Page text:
Catcalling a fire hydrant seems ridiculous until you realize that guys do the same thing to girls all the time. This is a surreal joke that sadly represents a reality for many people. Respect women. Also, no: it’s not because the valves look like boobs. They don’t. Just… don’t be a jerk.
I honestly thought it was the last time most followers would open my Snapchats. My stories are a grab-bag of observational humor and slapstick physical comedy. Viewers don’t want to hear preaching; they’re trying to escape for a moment before returning to their busy days. But I figured this was a worthwhile way to conclude my 15 minutes of quasi-celebrity. It’s Snapchat, I reminded myself. Who cares?
I meet a lot of people who think that Snapchat is a “just” platform for hormone-addled teens to sling flesh at each other by the pixel. I find this funny. Not because it’s inaccurate—I’m sure a non-negligible fraction of the app’s alleged 400 million daily snaps are still nudes, even after CEO Evan Spiegel’s tireless efforts to cast his bottled lightning as the Next Big Thing in Media. And 50 percent of its users are between the ages of 13 and 25, so it’s true that the platform skews young. No, I find it funny because while Snapchat is inextricably linked to its sordid, shadowy beginnings, it’s also the social media platform where I’ve found young people the most willing and able to have healthy conversations about tough topics like sexism.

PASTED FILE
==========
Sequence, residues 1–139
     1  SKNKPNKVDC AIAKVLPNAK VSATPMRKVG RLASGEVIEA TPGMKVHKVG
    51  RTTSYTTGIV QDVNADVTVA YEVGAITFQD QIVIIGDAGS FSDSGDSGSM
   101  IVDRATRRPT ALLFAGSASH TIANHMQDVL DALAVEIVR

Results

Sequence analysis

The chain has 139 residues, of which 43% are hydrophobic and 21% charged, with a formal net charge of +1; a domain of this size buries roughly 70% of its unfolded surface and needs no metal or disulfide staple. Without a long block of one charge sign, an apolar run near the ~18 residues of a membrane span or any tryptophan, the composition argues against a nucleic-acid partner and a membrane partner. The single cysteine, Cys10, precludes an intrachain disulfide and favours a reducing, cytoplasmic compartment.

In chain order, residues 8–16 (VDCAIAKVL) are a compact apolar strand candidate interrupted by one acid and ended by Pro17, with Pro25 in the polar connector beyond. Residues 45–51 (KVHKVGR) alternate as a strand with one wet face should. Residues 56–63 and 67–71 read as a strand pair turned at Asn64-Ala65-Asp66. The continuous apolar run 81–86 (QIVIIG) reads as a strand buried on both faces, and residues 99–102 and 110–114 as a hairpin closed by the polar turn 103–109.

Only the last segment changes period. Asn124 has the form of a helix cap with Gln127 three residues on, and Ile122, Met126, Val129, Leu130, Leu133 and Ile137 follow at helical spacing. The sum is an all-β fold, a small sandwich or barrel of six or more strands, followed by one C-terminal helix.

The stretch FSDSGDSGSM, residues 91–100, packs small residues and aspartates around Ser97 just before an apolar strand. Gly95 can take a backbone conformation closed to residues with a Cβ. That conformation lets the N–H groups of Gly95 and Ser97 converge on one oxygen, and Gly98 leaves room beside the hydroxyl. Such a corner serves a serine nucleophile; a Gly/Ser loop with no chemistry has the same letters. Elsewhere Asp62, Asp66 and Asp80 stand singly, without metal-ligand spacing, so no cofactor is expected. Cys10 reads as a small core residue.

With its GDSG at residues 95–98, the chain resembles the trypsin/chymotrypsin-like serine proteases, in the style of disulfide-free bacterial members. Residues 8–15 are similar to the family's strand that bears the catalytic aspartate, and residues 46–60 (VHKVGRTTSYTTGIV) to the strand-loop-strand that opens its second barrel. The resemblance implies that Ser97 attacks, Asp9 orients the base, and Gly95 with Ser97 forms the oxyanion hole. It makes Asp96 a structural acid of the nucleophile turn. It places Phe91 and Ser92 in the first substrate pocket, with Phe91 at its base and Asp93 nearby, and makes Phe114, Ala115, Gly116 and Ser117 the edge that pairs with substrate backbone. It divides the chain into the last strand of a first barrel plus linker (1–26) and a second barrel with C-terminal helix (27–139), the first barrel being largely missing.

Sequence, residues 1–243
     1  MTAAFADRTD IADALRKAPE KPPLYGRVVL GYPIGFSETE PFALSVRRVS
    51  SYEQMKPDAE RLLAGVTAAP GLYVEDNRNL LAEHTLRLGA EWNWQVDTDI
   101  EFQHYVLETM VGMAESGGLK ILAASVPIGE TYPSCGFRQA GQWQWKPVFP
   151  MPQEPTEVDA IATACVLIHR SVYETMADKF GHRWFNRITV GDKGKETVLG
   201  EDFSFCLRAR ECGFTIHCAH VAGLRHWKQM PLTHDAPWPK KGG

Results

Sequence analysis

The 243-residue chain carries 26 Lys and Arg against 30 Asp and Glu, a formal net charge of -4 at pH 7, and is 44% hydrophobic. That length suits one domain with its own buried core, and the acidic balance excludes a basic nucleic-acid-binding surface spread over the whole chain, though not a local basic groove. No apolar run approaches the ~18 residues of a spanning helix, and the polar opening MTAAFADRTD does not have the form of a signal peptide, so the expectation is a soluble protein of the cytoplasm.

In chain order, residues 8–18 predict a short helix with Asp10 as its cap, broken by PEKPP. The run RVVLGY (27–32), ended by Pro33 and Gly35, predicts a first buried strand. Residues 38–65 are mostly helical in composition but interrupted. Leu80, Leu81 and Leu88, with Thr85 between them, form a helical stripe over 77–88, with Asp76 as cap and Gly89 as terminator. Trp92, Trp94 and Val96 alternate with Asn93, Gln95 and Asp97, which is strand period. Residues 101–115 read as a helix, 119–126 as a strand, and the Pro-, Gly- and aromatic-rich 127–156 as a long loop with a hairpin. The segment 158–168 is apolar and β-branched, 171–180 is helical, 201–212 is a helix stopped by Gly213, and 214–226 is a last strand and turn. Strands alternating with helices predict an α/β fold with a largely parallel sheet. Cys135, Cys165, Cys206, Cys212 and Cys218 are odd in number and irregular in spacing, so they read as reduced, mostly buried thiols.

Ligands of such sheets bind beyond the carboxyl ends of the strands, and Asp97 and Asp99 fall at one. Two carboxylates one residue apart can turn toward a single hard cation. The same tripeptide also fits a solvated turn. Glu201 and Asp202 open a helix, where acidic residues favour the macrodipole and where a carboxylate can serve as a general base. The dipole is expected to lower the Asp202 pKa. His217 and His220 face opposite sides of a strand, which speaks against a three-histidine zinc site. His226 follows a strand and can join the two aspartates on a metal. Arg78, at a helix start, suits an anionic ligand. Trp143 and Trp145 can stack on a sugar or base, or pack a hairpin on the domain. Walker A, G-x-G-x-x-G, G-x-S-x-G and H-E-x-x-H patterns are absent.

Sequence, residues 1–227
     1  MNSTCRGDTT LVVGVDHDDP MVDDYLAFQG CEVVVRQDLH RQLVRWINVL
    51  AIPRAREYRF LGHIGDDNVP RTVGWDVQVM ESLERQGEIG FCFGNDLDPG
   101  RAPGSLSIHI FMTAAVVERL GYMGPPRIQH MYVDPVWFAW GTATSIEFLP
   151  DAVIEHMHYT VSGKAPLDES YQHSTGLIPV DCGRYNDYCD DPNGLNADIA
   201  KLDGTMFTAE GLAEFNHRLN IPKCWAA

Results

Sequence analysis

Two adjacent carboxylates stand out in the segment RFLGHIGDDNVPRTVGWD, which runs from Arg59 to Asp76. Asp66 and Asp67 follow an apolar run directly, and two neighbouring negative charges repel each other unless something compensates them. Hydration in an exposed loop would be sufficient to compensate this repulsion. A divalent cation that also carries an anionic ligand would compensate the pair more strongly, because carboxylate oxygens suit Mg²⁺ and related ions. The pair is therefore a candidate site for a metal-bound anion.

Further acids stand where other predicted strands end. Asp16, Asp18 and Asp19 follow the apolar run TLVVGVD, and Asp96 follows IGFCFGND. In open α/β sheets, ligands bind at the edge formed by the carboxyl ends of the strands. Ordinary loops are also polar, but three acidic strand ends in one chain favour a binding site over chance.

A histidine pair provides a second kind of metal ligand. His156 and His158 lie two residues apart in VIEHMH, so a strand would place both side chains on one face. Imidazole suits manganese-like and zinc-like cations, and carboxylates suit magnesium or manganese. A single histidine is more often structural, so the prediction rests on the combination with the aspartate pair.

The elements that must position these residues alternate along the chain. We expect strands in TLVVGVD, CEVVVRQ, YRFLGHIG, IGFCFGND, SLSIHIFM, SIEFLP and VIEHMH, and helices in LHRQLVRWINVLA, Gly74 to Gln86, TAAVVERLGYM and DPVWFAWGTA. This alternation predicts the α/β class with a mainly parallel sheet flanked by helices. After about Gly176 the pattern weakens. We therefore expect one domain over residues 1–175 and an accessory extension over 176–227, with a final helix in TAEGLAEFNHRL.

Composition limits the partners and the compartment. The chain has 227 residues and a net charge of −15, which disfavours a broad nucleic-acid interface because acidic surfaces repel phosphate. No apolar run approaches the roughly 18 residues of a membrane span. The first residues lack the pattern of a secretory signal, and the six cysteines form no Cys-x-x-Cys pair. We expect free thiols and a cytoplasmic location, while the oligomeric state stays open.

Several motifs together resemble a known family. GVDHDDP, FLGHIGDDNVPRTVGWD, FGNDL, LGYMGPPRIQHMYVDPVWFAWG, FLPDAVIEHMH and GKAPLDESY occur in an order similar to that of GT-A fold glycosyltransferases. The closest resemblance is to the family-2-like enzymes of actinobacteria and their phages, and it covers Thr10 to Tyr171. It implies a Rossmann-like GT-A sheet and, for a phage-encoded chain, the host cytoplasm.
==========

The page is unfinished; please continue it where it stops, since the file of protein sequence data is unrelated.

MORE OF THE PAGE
After I posted my story about the hydrants, I received a deluge of direct snaps in response. I’m never able to open all the snaps I get, but normally I’m able to keep my head above water. Not this time. Thousands of viewers were snapping me simultaneously. I probably opened a few hundred snaps that day, and many of them were from the standard subhuman trolls you find around the Internet. But many, many more were from teenagers—of both genders—asking frank questions about catcalling and telling me anecdotes of their own experiences as victims. In some cases, male viewers told me they used to catcall girls at school because they thought it was harmless. The “Damn girl” story sparked all these little dialogues, and I spent most of my day and night on Snapchat participating in them.
This outcome helped me recognize Snapchat’s little-cited, immensely powerful ability to engender honest, civil discussion. The ephemeral, one-on-one communication facilitates an intimacy that initially appealed to sexters, and those same parameters are empowering teenagers who normally lack the self-confidence or strength of voice to express themselves without fear of being judged by their peers.